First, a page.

Re: resume fondling -- am I being too picky? [AND] Re: Click or Click on vs. Press

Subject: Re: resume fondling -- am I being too picky? [AND] Re: Click or Click on vs. Press
From: <Jeanne -dot- Keuma -at- CH2M -dot- com>
To: "TECHWR-L" <techwr-l -at- lists -dot- techwr-l -dot- com>
Date: Sat, 30 Apr 2005 19:34:09 -0600

T.W. Smith asked about resumes...

Regarding the standards you look for in resumes: I'm with you because
I've needed people who can do everything (write, edit, format, manage
the documentation process...and even make professional-looking copies).
In addition to the qualifications you listed, I also give a timed online
writing test (information is provided, applicants are given a task to
write a brief document using and focusing the information; gives me
evidence of typing and computer ability as well as writing) and a timed
paper-and-pen editing test (short document riddled with actual errors;
gives me evidence of expertise in grammar, punctuation, formatting,
style, further writing ability for sections with particularly bad
writing, and even things such as knowing when to use headings, headers,
footers, bulleted lists, etc.). We're Word all the way, so I also
require testing in Word, as well as in typing and Excel. (Staffing
agencies can help with software and typing tests.) This has been the
best way to gauge an applicant's overall level of expertise and to gauge
how much I will have to invest in training. Another key thing I look for
is the ability to adapt and to learn quickly (since some candidates may
need to learn some of the software we use or some of the advanced
functions, but are very quick learners so it is worth the training
investment if they have expertise in the other areas). These in-person
tests, as well as phone and in-person interviews, also aid in assessing
attitude and relational/interpersonal skills (can-do attitude and
teamwork perspective are necessary). I remember a candidate who became
frustrated and was banging keys/keyboard around--a telltale sign that
the applicant may not have been the best person to work with.

[Dick Margulis commented on online resumes submitted through the Web and
stripped of formatting]

I've had to receive Web resumes too. It has impressed me when a
candidate has considered that the resume will need to be inputted as
"plain text" and has included pseudo-formatting using doublespacing and
extra spaces. Those resumes were definitely easier to read than others
with text that ran together, sans paragraphs.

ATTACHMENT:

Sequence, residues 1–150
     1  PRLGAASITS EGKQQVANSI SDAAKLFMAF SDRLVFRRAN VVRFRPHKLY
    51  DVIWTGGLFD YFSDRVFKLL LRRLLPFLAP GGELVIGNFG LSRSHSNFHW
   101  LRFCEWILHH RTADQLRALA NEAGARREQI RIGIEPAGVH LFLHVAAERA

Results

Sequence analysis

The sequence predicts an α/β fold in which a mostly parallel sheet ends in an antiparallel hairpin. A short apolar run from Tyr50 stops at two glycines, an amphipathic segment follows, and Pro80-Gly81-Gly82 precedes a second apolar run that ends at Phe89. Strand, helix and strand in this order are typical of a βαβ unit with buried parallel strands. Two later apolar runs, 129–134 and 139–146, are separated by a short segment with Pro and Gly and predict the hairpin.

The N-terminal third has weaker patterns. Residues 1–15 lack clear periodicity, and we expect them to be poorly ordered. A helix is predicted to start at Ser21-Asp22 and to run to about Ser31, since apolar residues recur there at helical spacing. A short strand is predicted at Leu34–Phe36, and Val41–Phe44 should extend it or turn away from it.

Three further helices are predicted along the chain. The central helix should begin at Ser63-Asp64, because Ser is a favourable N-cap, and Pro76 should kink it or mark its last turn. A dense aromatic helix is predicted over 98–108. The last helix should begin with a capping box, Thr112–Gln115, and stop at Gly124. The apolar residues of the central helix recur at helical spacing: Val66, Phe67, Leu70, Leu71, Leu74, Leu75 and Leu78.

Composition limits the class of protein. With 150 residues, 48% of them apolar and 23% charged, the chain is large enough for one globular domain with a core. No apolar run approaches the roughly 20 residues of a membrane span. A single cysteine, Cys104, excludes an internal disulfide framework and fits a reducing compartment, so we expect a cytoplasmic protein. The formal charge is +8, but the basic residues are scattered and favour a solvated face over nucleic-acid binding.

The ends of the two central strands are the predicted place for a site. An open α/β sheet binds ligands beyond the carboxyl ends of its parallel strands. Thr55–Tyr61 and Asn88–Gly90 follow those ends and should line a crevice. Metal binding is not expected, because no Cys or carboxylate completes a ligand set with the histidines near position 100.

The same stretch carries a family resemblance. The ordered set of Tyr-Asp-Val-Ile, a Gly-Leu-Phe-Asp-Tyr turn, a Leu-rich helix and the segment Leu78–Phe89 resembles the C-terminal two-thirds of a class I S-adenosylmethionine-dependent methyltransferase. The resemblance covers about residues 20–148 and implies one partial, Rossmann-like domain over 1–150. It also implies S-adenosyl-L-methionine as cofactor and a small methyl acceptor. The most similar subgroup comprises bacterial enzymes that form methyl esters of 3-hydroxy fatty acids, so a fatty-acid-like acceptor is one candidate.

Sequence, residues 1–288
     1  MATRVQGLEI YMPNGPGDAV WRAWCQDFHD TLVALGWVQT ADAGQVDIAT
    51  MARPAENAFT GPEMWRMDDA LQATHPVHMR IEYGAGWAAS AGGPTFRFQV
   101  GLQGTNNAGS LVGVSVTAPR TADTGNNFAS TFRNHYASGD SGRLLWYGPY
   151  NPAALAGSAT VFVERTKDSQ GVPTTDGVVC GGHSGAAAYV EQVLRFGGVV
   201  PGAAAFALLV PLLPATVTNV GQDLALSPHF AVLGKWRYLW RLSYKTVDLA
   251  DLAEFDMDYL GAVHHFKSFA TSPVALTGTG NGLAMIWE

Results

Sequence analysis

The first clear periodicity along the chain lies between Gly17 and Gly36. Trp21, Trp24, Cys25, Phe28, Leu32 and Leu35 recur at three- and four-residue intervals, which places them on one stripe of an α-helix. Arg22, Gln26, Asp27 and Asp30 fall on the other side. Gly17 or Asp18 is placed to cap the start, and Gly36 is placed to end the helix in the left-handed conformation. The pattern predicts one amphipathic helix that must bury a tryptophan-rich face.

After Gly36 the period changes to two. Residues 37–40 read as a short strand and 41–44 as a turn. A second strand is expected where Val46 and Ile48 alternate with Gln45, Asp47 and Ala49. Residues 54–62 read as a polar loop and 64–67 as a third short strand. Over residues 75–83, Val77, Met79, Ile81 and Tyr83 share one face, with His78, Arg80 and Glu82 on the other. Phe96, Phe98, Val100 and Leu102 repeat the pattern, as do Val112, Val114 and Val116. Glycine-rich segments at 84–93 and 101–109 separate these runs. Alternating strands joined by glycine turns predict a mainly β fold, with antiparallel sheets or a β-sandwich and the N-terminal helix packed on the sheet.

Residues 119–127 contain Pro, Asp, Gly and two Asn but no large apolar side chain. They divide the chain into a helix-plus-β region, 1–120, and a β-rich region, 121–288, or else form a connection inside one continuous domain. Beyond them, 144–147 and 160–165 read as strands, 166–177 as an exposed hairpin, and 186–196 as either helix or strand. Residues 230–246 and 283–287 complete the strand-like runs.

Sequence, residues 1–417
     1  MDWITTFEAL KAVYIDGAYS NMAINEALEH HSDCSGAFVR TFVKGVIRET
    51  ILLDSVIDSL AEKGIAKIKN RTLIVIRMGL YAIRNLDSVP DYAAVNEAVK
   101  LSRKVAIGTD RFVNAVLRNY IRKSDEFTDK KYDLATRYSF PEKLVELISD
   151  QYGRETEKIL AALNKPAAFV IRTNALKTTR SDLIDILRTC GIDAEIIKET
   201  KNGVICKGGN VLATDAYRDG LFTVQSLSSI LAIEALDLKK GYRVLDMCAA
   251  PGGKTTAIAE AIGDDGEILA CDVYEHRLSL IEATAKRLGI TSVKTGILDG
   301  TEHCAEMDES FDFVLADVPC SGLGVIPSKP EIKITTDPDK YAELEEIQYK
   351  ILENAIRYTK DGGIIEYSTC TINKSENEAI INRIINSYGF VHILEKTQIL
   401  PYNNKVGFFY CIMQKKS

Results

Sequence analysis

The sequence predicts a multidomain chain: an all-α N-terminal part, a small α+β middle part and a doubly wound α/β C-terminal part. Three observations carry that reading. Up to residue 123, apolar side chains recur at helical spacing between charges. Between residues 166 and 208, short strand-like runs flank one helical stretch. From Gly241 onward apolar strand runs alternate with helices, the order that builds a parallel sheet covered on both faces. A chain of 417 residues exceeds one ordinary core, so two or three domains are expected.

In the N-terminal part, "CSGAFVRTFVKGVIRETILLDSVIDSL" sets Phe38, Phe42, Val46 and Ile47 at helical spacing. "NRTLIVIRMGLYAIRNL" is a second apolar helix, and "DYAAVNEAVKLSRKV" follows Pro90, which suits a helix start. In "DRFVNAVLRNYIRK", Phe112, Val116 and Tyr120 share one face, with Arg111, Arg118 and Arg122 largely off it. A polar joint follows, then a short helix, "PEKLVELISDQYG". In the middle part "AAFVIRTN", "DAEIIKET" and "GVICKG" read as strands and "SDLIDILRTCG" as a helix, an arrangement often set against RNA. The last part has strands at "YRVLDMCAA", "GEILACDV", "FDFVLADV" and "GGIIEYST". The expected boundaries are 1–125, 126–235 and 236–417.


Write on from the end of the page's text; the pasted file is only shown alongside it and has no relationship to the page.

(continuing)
[T.W. Smith on "press" vs. "click"]
I use "impact" for keyboards and "leverage" for touch screens.

You made me LOL! Thanks for the chuckle!

One could use "select" for everything. Eliminates "click" and "press."

There's probably a standard in the Microsoft style guide.

Jeanne K. Tsutsui Keuma
Senior Writer, Editor, and Proposal Manager
Technical Publications, Honolulu

-----Original Message-----
From: "T.W. Smith" <techwordsmith -at- gmail -dot- com>
Sent: Friday, April 29, 2005 1:31 PM
Subject: resume fondling -- am I being too picky?

Am seeing quite a few resumes these days--telephony technical writing,
mostly books, a little online help, using FM and WWP mostly, some
Word. We receive mostly Word docs, to which I do not object (I prefer
reviewing these to reviewing PDFs). Here are some common things I trip
over, some are mostly harmless, but I trip on them anyway. Am I being
too picky?

1) Run-on sentences, especially in the objective/summary section.

2) Incorrect capitalization of the tools the candidate has said
they've used. For example, "Framemaker."

3) Everything tagged Normal. Or, a hodge-podge of style use. (Which is
why I prefer to receive Word files; I look at the structure of the
content in the resume and style use and evaluate the author based on
the sample.)

4) Failure to indicate which tools were used at which jobs.

5) Failure to indicate size of documentation projects at various jobs;
was it a long doc or short one? (I can infer some of this from the
tools used, PPT for example would cause me to believe the doc was
short, but I cannot infer that a user guide is either short or long.)

6) Oddly inconsistent case. For example, "I wrote User Guides and
online help"; I find it odd that User Guides and help differ in case.

7) Ambiguous employment descriptions anf an odd mix of sentences and
non-sentences in employment descriptions.

8) Poor font choice, manual kerning changes, that combined with
run-ons (1.) makes the resume hard to read.

9) Failure to embed fonts in PDFs.

10) Document properties that list an author other than the candidate.

I'll stop there. Thoughts?

Remember, this is online. Take everything with a mine of salt and a =


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